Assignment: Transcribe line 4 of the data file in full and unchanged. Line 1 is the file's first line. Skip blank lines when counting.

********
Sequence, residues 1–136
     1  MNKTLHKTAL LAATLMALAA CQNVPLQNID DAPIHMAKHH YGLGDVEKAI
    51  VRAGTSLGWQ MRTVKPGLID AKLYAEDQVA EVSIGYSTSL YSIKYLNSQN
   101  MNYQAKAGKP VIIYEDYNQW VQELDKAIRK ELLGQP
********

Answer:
   101  MNYQAKAGKP VIIYEDYNQW VQELDKAIRK ELLGQP